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Two weekends ago we saw Malaysians trek to the Sunway Clio exhibition center in Petaling Jaya to enjoy the latest anime and cosplay convention in the post-MCO era called ‘Cos-Mic’, only for it to be abruptly canceled on the second day, Sunday the 26th.
While no exact reason was really given beyond “unforeseen technical difficulties” many netizens that attended the event say that the early cancelation was likely due to one clear reason: large crowds and not enough space. Many users on forums like the r/Malaysia Subreddit noted that they had to wait two hours to get in and that some people even fainted.
This is the not only Anime convention to have problems with the crowds. Anime Fest at Paradigm Mall while not being canceled, also was not the best received. This for mainly for the same reason as Cos-Mic: the high amount of people in the tiny amount of space was suffocating.
I can say from personal experience that the space was too narrow for the high volume of people with colorfully costumed weebs packed shoulder to shoulder shuffling around stalls and booths. It was incredibly hot and within half an hour of getting there, both me and my friend had headaches. We made one lap around the different stalls in the center of the con and then went off to find some water.
The Problem With The Venues
Now we should of course acknowledge that running a convention is difficult and these are among the first conventions to come about following the end of the Covid-19 social distancing restriction. I can understand that getting these large-scale events up and running after two years is likely hard, and renting a suitable venue when many are still wary of covid can be even harder but at the same time if your plan to organize an event like this then a proper venue should be paramount.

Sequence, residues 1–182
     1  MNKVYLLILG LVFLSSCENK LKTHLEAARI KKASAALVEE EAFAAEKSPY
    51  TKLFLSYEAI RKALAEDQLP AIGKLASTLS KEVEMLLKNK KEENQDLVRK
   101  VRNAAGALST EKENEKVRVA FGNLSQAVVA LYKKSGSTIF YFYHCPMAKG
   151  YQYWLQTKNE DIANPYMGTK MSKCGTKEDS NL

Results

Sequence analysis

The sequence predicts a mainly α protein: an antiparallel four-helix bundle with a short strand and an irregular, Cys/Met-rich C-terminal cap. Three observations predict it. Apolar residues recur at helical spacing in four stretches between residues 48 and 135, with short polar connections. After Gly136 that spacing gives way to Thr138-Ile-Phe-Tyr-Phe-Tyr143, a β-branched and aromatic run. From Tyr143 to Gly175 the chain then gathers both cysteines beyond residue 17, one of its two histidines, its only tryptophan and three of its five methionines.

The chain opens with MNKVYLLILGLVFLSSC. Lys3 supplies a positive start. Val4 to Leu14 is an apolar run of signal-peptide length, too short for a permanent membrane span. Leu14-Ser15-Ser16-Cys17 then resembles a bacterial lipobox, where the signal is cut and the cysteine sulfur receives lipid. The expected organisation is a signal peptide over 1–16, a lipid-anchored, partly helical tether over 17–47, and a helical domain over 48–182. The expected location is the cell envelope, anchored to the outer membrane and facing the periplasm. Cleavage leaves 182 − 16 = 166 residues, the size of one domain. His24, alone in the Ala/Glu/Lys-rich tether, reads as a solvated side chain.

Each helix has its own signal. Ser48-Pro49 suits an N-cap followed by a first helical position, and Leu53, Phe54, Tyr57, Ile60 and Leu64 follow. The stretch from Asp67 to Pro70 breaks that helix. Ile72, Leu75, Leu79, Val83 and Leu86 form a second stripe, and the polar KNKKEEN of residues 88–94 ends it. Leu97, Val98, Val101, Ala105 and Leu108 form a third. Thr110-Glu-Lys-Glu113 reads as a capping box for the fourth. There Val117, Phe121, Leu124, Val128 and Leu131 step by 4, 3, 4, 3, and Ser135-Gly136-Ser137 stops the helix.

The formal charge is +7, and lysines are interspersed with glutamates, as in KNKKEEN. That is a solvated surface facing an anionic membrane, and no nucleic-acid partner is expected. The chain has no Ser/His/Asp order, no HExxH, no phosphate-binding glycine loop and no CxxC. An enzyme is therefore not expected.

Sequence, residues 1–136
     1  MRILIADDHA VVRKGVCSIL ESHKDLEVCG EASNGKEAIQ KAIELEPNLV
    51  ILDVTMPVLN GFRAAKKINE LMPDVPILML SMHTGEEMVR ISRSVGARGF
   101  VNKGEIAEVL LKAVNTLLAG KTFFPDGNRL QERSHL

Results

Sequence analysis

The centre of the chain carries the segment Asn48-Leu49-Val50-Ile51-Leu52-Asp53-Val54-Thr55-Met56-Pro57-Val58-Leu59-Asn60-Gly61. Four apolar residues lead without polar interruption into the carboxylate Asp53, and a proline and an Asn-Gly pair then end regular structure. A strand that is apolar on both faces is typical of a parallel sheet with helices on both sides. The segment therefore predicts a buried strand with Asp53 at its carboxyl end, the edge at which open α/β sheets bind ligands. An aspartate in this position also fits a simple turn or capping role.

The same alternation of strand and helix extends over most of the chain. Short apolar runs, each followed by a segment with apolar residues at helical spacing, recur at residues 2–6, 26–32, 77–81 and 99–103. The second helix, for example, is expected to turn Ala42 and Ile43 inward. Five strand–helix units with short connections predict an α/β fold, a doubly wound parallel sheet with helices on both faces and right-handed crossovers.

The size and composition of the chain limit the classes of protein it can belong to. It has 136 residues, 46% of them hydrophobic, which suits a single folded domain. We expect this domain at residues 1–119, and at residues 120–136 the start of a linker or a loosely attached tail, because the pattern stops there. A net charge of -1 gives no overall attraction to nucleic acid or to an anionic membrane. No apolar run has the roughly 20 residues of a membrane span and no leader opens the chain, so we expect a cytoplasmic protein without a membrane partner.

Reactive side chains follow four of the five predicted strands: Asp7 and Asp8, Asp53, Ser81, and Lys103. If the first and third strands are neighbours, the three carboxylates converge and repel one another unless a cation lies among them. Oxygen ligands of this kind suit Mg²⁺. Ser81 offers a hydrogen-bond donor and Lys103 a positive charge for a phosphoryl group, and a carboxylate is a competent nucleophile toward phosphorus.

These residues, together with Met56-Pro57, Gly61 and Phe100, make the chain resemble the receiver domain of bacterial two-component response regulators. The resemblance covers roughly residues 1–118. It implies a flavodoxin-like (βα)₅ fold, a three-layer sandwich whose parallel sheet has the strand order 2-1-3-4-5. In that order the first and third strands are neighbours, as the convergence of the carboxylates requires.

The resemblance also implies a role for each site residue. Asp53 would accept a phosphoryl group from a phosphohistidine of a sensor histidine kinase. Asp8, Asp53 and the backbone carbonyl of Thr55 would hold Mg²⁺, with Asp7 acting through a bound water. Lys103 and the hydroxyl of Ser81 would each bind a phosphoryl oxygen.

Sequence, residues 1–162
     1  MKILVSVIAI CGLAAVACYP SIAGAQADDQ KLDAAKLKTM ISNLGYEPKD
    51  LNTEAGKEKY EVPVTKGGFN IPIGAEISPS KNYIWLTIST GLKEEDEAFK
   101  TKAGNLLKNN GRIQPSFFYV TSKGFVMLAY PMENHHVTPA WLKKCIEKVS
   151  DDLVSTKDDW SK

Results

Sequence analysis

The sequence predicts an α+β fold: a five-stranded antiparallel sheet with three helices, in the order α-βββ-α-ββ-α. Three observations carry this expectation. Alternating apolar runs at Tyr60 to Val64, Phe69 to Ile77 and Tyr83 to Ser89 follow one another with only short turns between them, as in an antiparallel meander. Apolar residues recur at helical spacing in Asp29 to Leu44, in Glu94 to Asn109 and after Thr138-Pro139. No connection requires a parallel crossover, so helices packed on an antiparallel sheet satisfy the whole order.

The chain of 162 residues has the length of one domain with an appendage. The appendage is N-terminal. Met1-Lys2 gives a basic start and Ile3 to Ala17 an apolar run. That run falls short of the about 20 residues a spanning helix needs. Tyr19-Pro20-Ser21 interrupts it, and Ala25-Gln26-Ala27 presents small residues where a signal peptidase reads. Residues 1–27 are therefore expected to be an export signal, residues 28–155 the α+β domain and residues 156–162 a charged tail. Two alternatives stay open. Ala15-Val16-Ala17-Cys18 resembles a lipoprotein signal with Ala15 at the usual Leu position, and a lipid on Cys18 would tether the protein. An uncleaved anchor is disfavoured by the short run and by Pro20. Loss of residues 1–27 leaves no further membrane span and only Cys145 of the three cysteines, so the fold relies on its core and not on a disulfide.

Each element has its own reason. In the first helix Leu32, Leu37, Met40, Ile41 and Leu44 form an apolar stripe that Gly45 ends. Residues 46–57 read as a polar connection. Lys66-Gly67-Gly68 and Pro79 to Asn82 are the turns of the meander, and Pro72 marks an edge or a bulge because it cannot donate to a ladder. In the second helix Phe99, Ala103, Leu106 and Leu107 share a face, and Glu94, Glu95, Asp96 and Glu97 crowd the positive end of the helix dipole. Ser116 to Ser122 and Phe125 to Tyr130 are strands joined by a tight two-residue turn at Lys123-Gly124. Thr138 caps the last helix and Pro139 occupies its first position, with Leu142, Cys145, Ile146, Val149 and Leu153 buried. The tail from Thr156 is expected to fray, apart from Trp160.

We haven’t had these problems with conventions in the past. There have been many anime conventions in Malaysia from Asia Comic-Con to Comic Fiesta and they all ran perfectly fine, I have the overly expensive Limited Edition Nendoroids to prove it. Part of the reason for that though, is that I actually had enough space to get to the stall and buy the figures.
The most obvious potential solution is simple: don’t set the cons in malls. Shopping malls are one of the worst places to set such large-scale events. They don’t have enough space to contain a large number of stalls and all the attendees, not to mention the regular mall-goers who aren’t interested in any of the nerd stuff. They’re just trying to enjoy their weekend out yet may end up caught in a stampede of Genshin Impact characters.
There’s a reason that cons are set in convention centers, places with a large amount of open space, further away from the public eye. The attendees can enjoy their day without awkwardly trudging through food courts while children quietly ask their parents why the funny man is dressed as a Victorian maid.
Another option if you can’t get a big enough venue is to sell a limited number of tickets to the event. I would prefer my cons to be free considering I spend too much money on them anyway but this would ensure that if only say, one thousand people can be inside the building at once, then only one thousand people will be coming down. Animangaki is doing it this year so it’s not a completely radical idea.
I love attending conventions. They’re great events to spend time with friends and like-minded hobbyists as well as just indulge in some general nerd culture.
That’s why I hope that those organizing these events will learn from the mistakes of Anime Fest and Cos-Mic. These large-scale gatherings need bigger venues that aren’t inside public spaces like shopping malls. They need to confirm just how many people the venue can hold and plan to only allow that number of people in.
As we all break free of the restraints of social distancing, it’s important that our conventions are safe, comfortable, and welcoming, and with a large number of new anime and cosplay conventions and events coming to Malaysia and Singapore as soon, let’s hope we can do better in the future.
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